This basic social science finding that humans are social creatures leads organizations to, among other things, get experts and celebrities to endorse their brand, products and services, make social proof claims like “fastest growing” or “bestselling,” and more recently, use online social networks like Facebook to let you know that your friends, family and acquaintances like them (Cialdini 2001).

There are legitimate debates about the proper use of social science to influence people, but if learning is a virtue we want to encourage more people to engage in, it makes sense to apply social science insights to nurture public education.  In this case, knowing that humans are social creatures suggests that educational organizations could use social situations to stimulate more learning.  By printing invitations to learning (e.g., stimulating facts plus quiz questions, a puzzle, or riddle about health, history, science or other topic, leading to Learning Life for answers, further learning, fun and reward) on napkins, coasters, cup sleeves, placemats and other surfaces in common social settings, like restaurants, cafeterias, cafes and bars, these invitations can lead to learning and informative discussions among friends, family and acquaintances that might not otherwise occur.

Social science doesn’t just belong in school.  To the extent that social science helps us better understand ourselves and our world, we can and should use and spread its insights to improve ourselves and the world.  Given education’s importance in our complex, intertwined modern world, applying social science insights to improve and extend public education is arguably paramount, and that’s precisely Learning Life’s priority.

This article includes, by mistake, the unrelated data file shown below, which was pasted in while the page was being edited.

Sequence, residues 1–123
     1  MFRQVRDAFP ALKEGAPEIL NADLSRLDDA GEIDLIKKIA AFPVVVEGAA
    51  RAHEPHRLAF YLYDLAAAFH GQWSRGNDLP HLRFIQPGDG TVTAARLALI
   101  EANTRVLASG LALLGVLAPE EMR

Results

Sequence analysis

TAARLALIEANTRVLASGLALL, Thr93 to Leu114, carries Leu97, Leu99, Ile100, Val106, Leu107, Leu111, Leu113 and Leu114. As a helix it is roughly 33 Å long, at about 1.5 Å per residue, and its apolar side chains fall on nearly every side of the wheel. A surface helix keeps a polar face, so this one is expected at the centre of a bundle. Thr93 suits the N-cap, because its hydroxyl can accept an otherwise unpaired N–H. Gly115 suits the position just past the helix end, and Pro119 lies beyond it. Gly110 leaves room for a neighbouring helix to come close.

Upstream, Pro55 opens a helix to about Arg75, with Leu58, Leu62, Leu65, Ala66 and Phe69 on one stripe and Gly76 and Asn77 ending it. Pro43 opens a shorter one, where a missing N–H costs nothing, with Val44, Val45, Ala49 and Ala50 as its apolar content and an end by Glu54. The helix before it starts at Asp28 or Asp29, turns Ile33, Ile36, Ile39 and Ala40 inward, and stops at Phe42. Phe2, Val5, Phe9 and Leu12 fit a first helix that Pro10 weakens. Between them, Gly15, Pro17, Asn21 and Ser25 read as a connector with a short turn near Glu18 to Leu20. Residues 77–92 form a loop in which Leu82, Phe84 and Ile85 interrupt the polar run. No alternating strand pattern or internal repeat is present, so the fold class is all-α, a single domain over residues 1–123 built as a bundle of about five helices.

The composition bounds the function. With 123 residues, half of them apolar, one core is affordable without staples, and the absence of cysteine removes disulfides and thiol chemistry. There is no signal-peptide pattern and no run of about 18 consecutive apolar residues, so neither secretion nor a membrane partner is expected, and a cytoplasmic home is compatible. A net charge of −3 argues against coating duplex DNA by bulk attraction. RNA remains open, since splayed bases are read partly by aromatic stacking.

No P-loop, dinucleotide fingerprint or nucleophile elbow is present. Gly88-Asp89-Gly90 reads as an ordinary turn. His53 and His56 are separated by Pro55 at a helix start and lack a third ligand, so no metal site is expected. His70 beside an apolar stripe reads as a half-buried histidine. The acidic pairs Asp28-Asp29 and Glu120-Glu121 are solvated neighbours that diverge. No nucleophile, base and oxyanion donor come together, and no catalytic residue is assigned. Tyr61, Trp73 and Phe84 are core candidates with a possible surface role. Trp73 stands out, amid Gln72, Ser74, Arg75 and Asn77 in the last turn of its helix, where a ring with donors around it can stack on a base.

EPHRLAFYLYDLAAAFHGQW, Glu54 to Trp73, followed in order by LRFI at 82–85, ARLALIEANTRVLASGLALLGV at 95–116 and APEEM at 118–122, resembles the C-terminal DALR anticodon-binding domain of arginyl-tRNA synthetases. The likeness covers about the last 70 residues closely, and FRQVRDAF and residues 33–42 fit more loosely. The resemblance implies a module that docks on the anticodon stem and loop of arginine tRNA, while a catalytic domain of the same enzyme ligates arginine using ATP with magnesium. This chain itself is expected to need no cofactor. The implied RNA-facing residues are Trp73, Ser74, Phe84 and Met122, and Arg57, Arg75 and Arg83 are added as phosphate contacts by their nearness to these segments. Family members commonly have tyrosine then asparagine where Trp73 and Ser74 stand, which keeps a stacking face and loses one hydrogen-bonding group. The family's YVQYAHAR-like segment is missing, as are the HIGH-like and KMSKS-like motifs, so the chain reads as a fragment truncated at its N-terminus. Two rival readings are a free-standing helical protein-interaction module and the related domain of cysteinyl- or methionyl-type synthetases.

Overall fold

Paul Lachelier, Ph.D.
Founder, Learning Life


Akerloff, George A., Janet L. Yellen, and Michael L. Katz.  1996.  “An Analysis of Out-of-Wedlock Childbearing in the United States.”  Quarterly Journal of Economics 111:277-317.

Asch, Solomon.  1995.  “Opinions and Social Pressure” in Readings about the Social Animal, ed., Elliott Aronson.  New York: W.H. Freeman.

Christakis, Nicholas A., and James H. Fowler.  2007.  “The Spread of Obesity in a Large Social Network over 32 Years.”  New England Journal of Medicine 357:370-379.

Cialdini, Robert B.  2001.  Influence: Science and Practice.  Needham Heights, MA: Allyn & Bacon.

Gerber, Alan S., Donald P. Green, and Christopher W. Larimer.  2008.  “Social Pressure and Voter Turnout: Evidence from a Large-Scale Field Experiment.”  American Political Science Review 102:1:33-48.

Milgram, Stanley.  1974.  Obedience to Authority.  New York: HarperCollins.

Sacerdote, Bruce.  2001.  “Peer Effects with Random Assignment: Results for Dartmouth Roommates.”  Quarterly Journal of Economics 116:681-704.

Thaler, Richard H., and Cass R. Sunstein.  2009.  Nudge: Improving Decisions about Health, Wealth, and Happiness.  New York: Penguin Books. 

Zimbardo, Philip.  2007.  The Lucifer Effect: Understanding How Good People Turn Evil.  New York: Random House.